I’ve said before that I’m not a fan of immediately inducting a film into the CoF Hall of Fame after just one watch, but there are certain films for which its unavoidable.
Parasite is one of those films. After premiering at Cannes in 2019, Parasite won the Palme d’Or. At the 92nd Academy Awards, it then won Best Picture, Best Director, Best Original Screenplay and Best International Feature Film – making it the first non-English language film to win the coveted Best Picture award.
Still, all those accolades don’t necessarily mean anything to the average moviegoer. Luckily, Parasite is an utterly exceptional piece of film, recognition entirely notwithstanding.
From the very first scene, Parasite establishes an incredibly subtle comedic tone, with the Kim family frantically seeking free Wi-Fi in their tiny basement apartment, eventually finding it by squatting in a corner by their toilet. It not only sets the tone for the film, but it also introduces the audience to its characters and their struggle to survive on the bottom rung of South Korean society. It immediately elicits sympathy for the Kim’s situation, but there’s also something inherently sweet about the opening scenes, with the family all working together to fold pizza boxes in order to scrape by financially.
When Ki-woo, the Kim family’s teenage son, is able to get a job tutoring English for the affluent Park family, he is able to leverage a job for his sister, who poses as Jessica, an eccentric art student, offering art therapy to the Park’s young son. After framing the Park’s driver, they are able to replace him with the the Kim patriarch, and then exploit the Park family housekeeper’s peach allergy to have her replaced with mother Chung-sook. With the entire family defrauding the Parks as their work as household staff, there’s a delicate balance of tension and comedy – at least until their deception threatens to unravel and they must scramble to keep it intact.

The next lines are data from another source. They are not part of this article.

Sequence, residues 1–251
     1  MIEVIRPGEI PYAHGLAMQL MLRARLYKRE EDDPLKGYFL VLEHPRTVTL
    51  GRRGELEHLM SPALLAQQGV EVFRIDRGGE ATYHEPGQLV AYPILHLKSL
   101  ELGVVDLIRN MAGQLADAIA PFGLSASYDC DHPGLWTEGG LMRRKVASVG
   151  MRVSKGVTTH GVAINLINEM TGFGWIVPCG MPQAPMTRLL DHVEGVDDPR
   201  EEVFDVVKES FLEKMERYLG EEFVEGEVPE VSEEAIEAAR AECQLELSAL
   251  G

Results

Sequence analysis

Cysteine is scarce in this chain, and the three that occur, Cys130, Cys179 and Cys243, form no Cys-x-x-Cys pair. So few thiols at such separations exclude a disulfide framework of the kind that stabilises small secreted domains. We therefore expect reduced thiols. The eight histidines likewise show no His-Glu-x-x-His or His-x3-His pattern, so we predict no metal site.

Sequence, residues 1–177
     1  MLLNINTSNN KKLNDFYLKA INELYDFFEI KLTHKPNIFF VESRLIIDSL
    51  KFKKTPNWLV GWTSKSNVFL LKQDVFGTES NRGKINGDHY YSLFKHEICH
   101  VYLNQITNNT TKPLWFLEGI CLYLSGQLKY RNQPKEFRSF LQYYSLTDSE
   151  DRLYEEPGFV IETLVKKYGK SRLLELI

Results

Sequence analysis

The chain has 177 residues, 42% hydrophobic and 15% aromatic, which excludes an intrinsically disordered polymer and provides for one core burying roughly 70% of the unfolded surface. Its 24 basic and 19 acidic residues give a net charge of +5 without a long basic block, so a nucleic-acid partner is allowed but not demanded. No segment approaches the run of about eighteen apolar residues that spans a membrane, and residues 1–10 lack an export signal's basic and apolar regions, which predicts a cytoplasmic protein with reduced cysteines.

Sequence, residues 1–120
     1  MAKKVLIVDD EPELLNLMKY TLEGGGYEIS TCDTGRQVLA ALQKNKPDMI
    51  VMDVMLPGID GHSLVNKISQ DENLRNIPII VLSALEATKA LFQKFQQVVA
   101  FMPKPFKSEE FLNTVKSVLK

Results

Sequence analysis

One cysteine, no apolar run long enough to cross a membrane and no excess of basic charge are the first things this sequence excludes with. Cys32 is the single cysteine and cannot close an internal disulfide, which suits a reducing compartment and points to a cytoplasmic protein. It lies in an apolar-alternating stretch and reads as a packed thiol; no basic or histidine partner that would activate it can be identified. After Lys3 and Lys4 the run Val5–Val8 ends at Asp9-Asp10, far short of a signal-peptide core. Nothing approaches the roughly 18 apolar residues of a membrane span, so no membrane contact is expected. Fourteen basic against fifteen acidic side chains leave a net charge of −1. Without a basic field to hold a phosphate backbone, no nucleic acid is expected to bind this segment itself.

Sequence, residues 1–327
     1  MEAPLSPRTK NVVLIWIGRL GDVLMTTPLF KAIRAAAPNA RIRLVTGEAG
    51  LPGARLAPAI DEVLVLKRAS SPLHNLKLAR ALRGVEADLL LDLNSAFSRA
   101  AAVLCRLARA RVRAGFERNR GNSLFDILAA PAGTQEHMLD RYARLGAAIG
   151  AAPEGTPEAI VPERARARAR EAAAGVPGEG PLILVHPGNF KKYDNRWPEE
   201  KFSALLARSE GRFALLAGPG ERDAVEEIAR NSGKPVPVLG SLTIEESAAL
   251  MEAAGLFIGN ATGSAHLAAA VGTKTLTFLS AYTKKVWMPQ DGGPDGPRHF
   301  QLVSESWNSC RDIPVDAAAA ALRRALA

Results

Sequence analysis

Parasite is paced so delicately that it simply sweeps you away, and you’ll find yourself both on the edge of your seat and hopelessly lost in the narrative. There’s several scenes that practically redefined the term ‘nail-biting’ for me, and without expecting it, I found myself thoroughly invested in the film’s story.
The subtle comedy of the first half disappears as the tension builds, giving way to a far more dramatic – yet still perfectly plausible – chain of events. I always try to keep these reviews spoiler-free, so I won’t allude to how the events actually play out, but they came to a conclusion that was simultaneously unexpected, logical, satisfying and slightly upsetting.
It’s not just the film’s narrative that makes Parasite such an intensely satisfying watch, though. It’s brought to life by a beautiful score consisting of minimalist piano and occasional percussion, and its themes are powerful, if possibly a little alien to some Western audiences. The depiction of South Korea’s social issues and the oceans between social classes are done with a playful tone that doesn’t quite hide the characters’ desperation, and the average viewer can relate to both (or neither, depending on your perspective) the Kim and the Park families without ever really feeling the need to take a side.
Bong Joon Ho was able to use Parasite to create an absolute masterpiece of storytelling, and its a film that’s enjoyable in every way – transcending genre, culture and generation to deliver a powerful and beautifully crafted piece of film
Summary: There’s not a single aspect of Parasite that was anything but outstanding. An absolute masterpiece of cinema and a true must-watch.
Highlights: Parasite’s entire last half is a journey that will shred your nerves and render you entirely incapable of looking away – a chain-reaction of events that leads to one of the most memorable finales in all of cinema.